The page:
Williamston residents paying twice for indigent defense funding – officials say


During their meeting Monday, Williamston Town Council declined to approve second reading an ordinance allocating funds for Indigent Defense.
Council reluctantly approved first reading on the ordinance at their February meeting, and again Mayor Mack Durham and Councilman Rockey Burgess expressed their views that the requirement amounts to double taxation on municipal residents to provide the service.
The measure failed to pass when Council voted 2-3 with the mayor and Councilman Tony Haygood voting in favor and Councimen Rockey Burgess, David Harvell and Chris Alexander opposed.
Town Attorney Lee Cole explained that by not approving the ordinance, or the funding it would provide, puts the town at risk for liability for not providing the service.
Cole explained that the constitutional requirement for legal representation in a trial situation requires municipal courts to provide legal representation.
County taxes and fines added to traffic tickets already provide some funding to the state for indigent defense, Cole said. However municipalities have been mandated by the state to provide additional funding to provide the service in their municipal court.
Cole said the town has three options: pay the fund, provide legal counsel or not have a municipal court.
Cole said providing the service would cost the town more than the state is requesting.
He said, the problem with not having a municipal court is that the town’s ordinances would be unenforceable.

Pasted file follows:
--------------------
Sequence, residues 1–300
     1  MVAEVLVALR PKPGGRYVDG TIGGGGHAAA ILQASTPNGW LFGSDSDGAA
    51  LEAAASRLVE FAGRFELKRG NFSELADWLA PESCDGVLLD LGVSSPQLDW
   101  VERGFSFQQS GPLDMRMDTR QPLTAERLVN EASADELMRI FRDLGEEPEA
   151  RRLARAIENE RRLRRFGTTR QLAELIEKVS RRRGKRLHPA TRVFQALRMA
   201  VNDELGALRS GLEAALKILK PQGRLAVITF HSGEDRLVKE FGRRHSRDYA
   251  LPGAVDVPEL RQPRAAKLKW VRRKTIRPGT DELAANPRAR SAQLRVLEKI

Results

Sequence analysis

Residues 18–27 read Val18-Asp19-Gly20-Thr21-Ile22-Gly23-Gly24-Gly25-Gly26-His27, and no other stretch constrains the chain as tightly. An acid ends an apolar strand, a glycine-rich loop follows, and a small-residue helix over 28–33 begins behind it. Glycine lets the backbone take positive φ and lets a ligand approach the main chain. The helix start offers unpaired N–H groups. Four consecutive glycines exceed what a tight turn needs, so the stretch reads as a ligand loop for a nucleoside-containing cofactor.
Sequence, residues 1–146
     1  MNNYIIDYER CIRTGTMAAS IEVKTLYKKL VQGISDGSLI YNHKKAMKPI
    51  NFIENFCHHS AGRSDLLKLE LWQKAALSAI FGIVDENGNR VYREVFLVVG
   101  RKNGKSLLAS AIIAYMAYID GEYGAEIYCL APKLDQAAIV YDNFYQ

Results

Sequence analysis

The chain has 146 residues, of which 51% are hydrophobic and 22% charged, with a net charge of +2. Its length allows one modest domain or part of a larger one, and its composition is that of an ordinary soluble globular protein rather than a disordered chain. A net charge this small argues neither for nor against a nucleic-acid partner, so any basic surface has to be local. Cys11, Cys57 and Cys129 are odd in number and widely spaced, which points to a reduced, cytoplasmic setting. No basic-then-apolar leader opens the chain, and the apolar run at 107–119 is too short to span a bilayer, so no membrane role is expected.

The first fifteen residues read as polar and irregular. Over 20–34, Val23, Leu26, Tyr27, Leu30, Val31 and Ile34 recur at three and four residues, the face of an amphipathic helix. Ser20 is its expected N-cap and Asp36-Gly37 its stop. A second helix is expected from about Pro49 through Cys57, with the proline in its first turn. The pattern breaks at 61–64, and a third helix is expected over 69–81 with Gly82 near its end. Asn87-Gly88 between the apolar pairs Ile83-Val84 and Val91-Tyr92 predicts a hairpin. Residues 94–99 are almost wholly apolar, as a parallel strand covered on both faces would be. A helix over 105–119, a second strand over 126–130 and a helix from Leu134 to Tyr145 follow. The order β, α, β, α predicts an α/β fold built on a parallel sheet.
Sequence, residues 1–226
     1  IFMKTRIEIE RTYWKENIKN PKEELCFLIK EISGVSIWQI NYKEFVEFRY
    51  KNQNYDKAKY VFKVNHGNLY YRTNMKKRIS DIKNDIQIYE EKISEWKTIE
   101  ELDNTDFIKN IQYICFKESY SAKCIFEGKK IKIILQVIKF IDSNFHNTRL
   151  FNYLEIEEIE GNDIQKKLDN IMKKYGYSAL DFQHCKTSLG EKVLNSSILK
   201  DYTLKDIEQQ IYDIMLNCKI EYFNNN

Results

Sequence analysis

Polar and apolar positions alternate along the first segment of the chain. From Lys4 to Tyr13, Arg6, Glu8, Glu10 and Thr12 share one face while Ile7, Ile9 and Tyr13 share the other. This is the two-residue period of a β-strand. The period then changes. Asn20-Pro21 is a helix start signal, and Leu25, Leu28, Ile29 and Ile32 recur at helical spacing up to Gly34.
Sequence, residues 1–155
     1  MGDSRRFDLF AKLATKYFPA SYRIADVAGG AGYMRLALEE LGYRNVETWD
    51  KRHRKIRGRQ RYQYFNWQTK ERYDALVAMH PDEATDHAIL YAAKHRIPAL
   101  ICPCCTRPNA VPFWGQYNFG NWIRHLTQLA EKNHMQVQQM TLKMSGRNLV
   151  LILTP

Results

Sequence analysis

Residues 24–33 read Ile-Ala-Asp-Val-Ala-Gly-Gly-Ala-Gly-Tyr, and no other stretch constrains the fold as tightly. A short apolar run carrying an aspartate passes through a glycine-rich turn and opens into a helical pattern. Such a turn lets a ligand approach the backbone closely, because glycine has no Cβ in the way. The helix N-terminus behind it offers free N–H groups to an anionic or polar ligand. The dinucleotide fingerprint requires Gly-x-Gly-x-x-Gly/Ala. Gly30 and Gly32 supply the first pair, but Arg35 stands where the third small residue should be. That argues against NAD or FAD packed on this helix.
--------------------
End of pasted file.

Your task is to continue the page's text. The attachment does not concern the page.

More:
Cole said that state and county money and some from a traffic ticket provide for indigent defense but it is underfunded by the state. That according to Cole, “shifts the burden to the municipality. We are paying for it again.”
Cole said a judge cannot assign an attorney and the town is open to significant liability for not having an attorney present if a defendant requests one and is unable to pay for his own.
Councilman Burgess urged residents to call their state legislators and complain about the unfunded mandate and others being pushed back to the towns.
“We are being double taxed all the time,” he said. “We don’t get anywhere near that back from the county.”
Cole then advised council to add legal advice to an executive session scheduled for later in the meeting. In a 4-1 vote, with Burgess opposed, the item was added to the agenda.
In other business, Council approved second reading on an ordinance on land use regulations. Changes remove inconsistent language.
Second reading on a lease of the armory property was tabled.
Mayor Durham said there needed to be some adjustments made to the lease and the leasee had not signed the agreement.
First reading was held on a 2018 election ordinance.The election for Council Wards One and Two will be held on Tuesday, Nov. 6. Books will open for candidates on August 7.
Council then went into executive session to discuss a contract matter related to providing services to Pelzer.
Upon returning to open session, council reconsidered the vote on the indigent defense funding issue and reluctantly approved it 5-0.
The Town will pay $4547 from the general fund to the Tenth Circuit Public Defender to provide the service.